CSG Law Alert: Back to Basic Series: Don’t be Caught Dead in High Tax States

Unfortunately, many seniors must choose where they call home based upon affordability and not simply on where they prefer to reside. Thus, many retirees choose the state with the friendliest tax environment. In this article, we will cover the basics about death taxes imposed in New Jersey, New York, and Pennsylvania.

New Jersey and Pennsylvania do not impose an estate tax; however, both New Jersey and Pennsylvania have an inheritance tax. Conversely, New York has an estate tax but no inheritance tax. These costly death taxes often cause retirees to move to a tax friendly state such as Florida, which does not have an estate tax, inheritance tax, or individual income tax.

The burden of the Pennsylvania Inheritance Tax is based on the relationship of the recipient to the decedent. Transfers to a surviving spouse and children 21 or younger are taxed at a rate of 0%, which effectively means no tax.  The decedent’s other descendants and lineal ancestors are taxed at a rate of 4.5%, and the decedent’s siblings are taxed at a rate of 12%.  All others are taxed at a rate of 15% (except charitable organizations, exempt institutions, and government entities, all of which are exempt from tax). Pennsylvania does not impose its inheritance tax upon a non-resident decedent’s intangible property, but the commonwealth does so on real estate and tangible property located there.

New Jersey’s estate tax was eliminated as of January 1, 2018, as part of 2016 legislation that increased the state’s gasoline tax significantly.  Although New Jersey did not repeal its inheritance tax, property received by “Class A” beneficiaries (i.e., spouses, civil union partners, domestic partners, descendants, parents, and grandparents) and “Class E” beneficiaries (i.e., religious, educational, medical, non-profit benevolent, or scientific institutions, qualified charities, or the State of New Jersey or any of its political subdivisions) is exempt from the tax, which means that most estates will not owe any inheritance tax.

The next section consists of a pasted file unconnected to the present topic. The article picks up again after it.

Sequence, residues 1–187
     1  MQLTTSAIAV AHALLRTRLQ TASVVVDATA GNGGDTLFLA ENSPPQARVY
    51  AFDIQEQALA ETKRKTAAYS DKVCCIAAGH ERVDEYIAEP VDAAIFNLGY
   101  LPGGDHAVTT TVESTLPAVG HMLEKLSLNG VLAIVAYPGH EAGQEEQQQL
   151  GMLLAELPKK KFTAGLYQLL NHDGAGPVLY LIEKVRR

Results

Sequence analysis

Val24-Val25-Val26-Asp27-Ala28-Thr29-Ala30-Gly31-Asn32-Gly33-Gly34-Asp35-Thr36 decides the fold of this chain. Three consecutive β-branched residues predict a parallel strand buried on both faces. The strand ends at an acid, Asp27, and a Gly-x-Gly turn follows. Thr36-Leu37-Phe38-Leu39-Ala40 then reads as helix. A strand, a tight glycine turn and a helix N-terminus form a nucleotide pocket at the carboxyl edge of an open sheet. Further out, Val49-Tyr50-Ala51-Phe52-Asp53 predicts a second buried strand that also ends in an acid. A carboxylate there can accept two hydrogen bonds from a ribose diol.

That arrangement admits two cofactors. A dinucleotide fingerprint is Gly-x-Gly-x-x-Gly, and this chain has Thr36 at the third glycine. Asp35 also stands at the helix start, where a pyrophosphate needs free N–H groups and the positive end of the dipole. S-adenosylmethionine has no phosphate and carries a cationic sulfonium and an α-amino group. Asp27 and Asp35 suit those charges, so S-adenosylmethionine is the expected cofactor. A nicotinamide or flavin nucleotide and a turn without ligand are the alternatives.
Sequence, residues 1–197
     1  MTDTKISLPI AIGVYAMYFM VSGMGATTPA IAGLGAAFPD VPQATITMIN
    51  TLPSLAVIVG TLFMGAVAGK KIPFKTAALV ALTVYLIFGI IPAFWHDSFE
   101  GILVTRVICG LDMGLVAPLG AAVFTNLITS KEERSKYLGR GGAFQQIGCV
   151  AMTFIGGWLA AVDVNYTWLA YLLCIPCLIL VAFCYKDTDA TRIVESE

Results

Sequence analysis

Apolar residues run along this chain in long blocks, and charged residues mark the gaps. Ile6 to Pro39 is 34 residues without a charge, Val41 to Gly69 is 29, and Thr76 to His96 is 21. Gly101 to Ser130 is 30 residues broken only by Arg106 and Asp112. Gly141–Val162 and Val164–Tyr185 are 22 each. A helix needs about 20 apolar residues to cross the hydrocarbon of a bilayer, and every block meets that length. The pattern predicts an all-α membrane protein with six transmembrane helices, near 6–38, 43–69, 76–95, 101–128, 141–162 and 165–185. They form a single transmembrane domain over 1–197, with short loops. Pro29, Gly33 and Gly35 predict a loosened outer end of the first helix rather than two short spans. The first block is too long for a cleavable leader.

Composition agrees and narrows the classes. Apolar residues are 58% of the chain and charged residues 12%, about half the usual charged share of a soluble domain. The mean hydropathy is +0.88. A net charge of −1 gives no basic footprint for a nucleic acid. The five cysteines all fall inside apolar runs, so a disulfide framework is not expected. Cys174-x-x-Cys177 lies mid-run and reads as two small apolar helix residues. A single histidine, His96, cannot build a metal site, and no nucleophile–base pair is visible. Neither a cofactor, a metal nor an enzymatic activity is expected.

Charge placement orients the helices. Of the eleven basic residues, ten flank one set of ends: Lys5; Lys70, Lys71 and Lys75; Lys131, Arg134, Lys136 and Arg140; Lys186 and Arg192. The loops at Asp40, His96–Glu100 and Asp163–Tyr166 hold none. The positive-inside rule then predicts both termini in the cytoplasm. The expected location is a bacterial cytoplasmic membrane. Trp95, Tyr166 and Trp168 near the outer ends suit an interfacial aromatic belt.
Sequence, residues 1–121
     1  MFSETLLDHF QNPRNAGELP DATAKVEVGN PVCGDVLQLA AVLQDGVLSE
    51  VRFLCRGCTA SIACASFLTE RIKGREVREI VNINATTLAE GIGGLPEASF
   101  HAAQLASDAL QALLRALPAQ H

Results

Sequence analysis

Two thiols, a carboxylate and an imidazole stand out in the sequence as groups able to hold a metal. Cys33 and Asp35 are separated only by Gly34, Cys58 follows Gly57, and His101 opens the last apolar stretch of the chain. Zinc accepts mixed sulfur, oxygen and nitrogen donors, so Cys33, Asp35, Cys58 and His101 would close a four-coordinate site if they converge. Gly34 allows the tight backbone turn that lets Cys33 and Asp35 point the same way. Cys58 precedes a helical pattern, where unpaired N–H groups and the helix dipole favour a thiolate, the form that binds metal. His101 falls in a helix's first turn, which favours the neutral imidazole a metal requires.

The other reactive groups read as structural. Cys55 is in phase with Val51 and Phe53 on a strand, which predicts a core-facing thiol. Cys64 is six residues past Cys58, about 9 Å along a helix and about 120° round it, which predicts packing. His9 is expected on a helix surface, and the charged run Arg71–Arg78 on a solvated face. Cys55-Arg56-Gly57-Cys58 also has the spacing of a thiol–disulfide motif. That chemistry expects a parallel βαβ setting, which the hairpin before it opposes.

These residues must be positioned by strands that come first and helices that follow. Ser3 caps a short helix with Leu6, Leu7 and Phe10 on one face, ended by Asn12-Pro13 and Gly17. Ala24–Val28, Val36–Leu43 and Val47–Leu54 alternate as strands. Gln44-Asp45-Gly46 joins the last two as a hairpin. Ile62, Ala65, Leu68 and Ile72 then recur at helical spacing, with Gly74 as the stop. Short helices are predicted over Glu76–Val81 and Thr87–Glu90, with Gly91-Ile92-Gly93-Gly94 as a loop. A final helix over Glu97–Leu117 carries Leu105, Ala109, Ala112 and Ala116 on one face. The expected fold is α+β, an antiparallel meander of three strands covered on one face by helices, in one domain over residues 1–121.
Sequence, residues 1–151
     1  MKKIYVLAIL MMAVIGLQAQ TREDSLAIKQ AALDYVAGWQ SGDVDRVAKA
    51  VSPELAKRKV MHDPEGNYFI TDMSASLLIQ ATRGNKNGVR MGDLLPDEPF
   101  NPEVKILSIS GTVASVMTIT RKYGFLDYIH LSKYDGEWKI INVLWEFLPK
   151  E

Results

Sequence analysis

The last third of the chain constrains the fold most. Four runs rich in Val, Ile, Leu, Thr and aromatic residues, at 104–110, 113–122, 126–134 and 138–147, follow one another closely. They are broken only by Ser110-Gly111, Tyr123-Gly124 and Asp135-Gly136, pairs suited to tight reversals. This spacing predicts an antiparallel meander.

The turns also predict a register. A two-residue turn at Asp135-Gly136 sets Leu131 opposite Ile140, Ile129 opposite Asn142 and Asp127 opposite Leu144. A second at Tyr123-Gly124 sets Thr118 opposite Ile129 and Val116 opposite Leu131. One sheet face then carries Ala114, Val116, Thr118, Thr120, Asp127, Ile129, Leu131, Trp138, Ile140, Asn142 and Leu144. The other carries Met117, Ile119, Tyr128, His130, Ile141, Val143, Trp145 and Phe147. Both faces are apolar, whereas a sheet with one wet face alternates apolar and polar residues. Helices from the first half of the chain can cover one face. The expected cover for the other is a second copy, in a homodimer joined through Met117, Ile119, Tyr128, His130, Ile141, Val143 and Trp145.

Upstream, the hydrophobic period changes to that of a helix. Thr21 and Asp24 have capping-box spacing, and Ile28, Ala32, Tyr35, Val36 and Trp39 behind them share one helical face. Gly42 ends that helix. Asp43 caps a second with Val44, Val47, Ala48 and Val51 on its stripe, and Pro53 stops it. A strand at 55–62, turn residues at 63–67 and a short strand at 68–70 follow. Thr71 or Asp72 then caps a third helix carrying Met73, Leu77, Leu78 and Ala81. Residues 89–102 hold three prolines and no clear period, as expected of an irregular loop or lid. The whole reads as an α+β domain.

A “Class C” beneficiary (brother, sister, spouse of a child, etc.) has a $25,000 exemption from the tax, but amounts over $25,000 are subject to tax at rates from 11% to 16% depending on the value of the transfer. A “Class D” beneficiary (i.e., anyone else) is subject to tax at a rate of either 15% (for the first $700,000) or 16% (for amounts over $700,000). Nonresidents of New Jersey only pay an inheritance tax on real estate or tangible property in the state passing to a Class C or D beneficiary.

The New York estate tax applies to New York residents and to real estate and tangible property located in New York owned by a non-resident.  New York has a “cliff” estate tax: once the value of the taxable estate exceeds the New York exemption (currently $6.11 million) by 5% or more, the estate tax is imposed on the entire estate.  The tax owed for the New York estate tax for the estates of decedents dying on or after January 1, 2014 increases based on the size of the estate, and estate tax rates range from 3.06% to 16%.

New York, New Jersey, and Pennsylvania do not have a gift tax (but there is a 3-year look back period), so you should consider making gifts during your lifetime to avoid death taxes.  This is particularly true for small bequests made by New Jersey residents. For example, if you leave $1,000 to your niece and the rest of your assets to your children, inheritance tax will be owed on the amount given to your niece, and the estate would need to file an inheritance tax return.  This return can be costly to prepare and can delay the administration of an estate if tax waivers (the form issued by New Jersey required to transfer a decedent’s assets) must be requested on the return.  If instead you gift $1,000 to your niece now (and you survive the lookback period), no inheritance tax would be owed, and an inheritance tax return would not need to be prepared and filed.

For New York residents whose estate is close to the “cliff” amount, lifetime gifting (subject to a 3-year claw back) and/or charitable bequests can help avoid the loss of the estate tax exemption.

If you have questions about these various tax issues or would like to discuss your personal situation, please contact your CSG Law attorney or Michelle Bergeron Spell, Trusts & Estates Practice Group Leader.

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